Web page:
An assemblage of Middle Bronze Age weapons thought to represent part of a contemporary cargo and thereby indicative of a shipwreck, off Moor Sand. Dated to around the twelfth century BC, swords, palstaves, and other bronze materials have been recovered, thought to have been manufactured in France. If this is the case, then France may have been the de facto departure point of any wrecked vessel.
This site consists of a scatter of eight Middle Bronze Age (twelfth century BC) implements, discovered between 1977 and 1982. The assemblage indicates that a prehistoric boat may have sunk at this point about 3,000 years ago, although the assemblage may have been eroded from adjacent cliffs (though this is considered to be less likely).
The initial discovery of a bronze sword was made by divers on a YHA training course at Salcombe. Additional searches by the instructor and trainees yielded an eroded bronze blade which was followed by the recovery of a further five Bronze Age items after systematic searching. In 1982, a sword handle was discovered exposed on rock in an area thoroughly searched in previous years. All eight finds were acquired by the British Museum.
Designation Order: (No 1), No 199, 1978
Made: 14th February 1978
Laid before Parliament: 15th February 1978
Coming into force: 8th March 1978
Protected area: 150m within 50 12 44 N 003 44 12 W
Designation Order: No 56, 1979
Made: 19th January 1979
Laid before Parliament: 26th January 1979
Coming into force: 16th February 1979
Protected area: 300m within 50 12 42 N 003 44 20 W
No part of the restricted area lies above the high-water mark of ordinary spring tides.
On 4th July 1977, a fine Bronze Age sword was found on the sea bed at Moor Sand in a depth of 6.5m by two divers. Further searches revealed another eroded blade. The blades appear to have originated from north east France during the Bronze Final 1 (Penard) period. Further searches recovered an additional five blades. The site lies in shallow water of approximately 4 to 8 metres depth, with a gravel seabed, and lies just off the eponymous sandy beach of Moor Sand. Many gullies lie in the vicinity of the site with a dense canopy of kelp and other seaweed, rendering visual surveys difficult.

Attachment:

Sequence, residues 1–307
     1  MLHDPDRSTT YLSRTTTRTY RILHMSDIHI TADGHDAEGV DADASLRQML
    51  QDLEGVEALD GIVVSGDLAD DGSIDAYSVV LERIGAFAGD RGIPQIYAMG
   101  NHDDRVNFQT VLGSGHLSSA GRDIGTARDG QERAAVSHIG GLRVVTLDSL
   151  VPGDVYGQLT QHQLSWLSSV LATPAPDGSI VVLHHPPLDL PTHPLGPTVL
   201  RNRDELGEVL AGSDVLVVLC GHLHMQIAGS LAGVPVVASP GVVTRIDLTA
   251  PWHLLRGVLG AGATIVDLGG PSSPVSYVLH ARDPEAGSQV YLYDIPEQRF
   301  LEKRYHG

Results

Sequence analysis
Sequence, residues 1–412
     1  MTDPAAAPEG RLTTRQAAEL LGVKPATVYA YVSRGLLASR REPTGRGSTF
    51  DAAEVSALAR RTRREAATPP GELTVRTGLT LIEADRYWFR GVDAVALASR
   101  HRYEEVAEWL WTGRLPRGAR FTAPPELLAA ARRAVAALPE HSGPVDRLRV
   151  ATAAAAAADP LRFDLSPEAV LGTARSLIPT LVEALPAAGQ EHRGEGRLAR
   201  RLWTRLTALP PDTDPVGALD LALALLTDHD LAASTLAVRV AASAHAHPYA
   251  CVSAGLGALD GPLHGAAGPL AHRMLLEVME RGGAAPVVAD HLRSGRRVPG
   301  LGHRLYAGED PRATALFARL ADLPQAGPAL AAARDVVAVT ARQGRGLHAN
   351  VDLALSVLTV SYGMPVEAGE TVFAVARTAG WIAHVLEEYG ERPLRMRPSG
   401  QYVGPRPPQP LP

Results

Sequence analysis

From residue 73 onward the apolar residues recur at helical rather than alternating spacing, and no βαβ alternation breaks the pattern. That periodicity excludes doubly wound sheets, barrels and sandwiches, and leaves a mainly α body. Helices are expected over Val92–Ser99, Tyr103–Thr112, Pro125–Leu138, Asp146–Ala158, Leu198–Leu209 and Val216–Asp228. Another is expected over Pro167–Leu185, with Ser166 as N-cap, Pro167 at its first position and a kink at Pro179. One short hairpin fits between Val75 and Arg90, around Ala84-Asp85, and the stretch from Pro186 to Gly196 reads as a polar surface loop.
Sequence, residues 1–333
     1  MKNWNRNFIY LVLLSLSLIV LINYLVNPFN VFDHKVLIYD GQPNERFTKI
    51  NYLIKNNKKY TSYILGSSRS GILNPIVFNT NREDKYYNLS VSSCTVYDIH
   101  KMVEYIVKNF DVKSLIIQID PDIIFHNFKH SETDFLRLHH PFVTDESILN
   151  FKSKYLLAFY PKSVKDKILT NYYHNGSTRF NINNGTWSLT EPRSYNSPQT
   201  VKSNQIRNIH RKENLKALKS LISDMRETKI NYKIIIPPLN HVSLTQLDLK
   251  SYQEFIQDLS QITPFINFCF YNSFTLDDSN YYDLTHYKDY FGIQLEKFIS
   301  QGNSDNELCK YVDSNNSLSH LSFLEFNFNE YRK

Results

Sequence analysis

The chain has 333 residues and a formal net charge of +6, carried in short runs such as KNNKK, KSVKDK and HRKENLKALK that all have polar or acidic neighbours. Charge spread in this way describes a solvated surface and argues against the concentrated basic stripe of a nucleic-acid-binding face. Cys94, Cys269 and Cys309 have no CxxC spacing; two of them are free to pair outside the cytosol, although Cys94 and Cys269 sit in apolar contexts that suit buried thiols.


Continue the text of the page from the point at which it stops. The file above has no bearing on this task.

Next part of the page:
Despite metal-detector searches failing to find further artefacts in 1979, a short season of work was undertaken in 1982 by archaeologists from the National Maritime Museum (NMM). Using techniques developed on the designated Bronze Age wreck site at Langdon Bay, Dover, an area of the seabed was systematically searched in an attempt to assess the potential for work. No finds were made within the searched area but, while trying to locate datum points from earlier work, a bronze sword handle was discovered exposed on top of sand in a gully 20m to the south west. Preliminary identification places the sword in the flanged-hilt family and its finding brings the total of bronzes from the site to eight. The fact that it was discovered in an area carefully searched in previous years suggests mobility of either sands and gravels, or artefacts, or both.
The NMM noted that future work will have to include excavation of some gullies to see if there is evidence for such movement or any indication as to whether the objects are from a wreck or an eroded land site.
The blades belong to the 'Breton Group', generally agreed to be imports or copies of imports. The classification of the blades is difficult because of their eroded condition, but a metal sample from one showed it to be of a later phase than the others, Bronze Final 11 at the earliest. The blades were conserved by Doncaster Museum.
Originally designated for its archaeological significance; the site may represent the oldest possible shipwreck in Britain, with evidence of trade in the Middle Bronze Age, either from an actual shipwreck or from votive offerings.
An archive assessment has been funded by English Heritage while the South West Maritime Archaeological Group website includes a feature on the discovery of the Bronze Age 'wreck' at Moor Sands.